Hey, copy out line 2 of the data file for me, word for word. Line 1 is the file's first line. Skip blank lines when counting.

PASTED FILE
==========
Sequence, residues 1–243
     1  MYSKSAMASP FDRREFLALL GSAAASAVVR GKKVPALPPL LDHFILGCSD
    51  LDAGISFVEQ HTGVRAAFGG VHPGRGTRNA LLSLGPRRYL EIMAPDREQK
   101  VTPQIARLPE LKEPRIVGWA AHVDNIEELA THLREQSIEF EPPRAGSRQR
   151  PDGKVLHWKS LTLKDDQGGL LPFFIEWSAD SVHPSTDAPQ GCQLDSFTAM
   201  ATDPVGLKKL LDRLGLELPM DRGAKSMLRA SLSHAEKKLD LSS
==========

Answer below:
     1  MYSKSAMASP FDRREFLALL GSAAASAVVR GKKVPALPPL LDHFILGCSD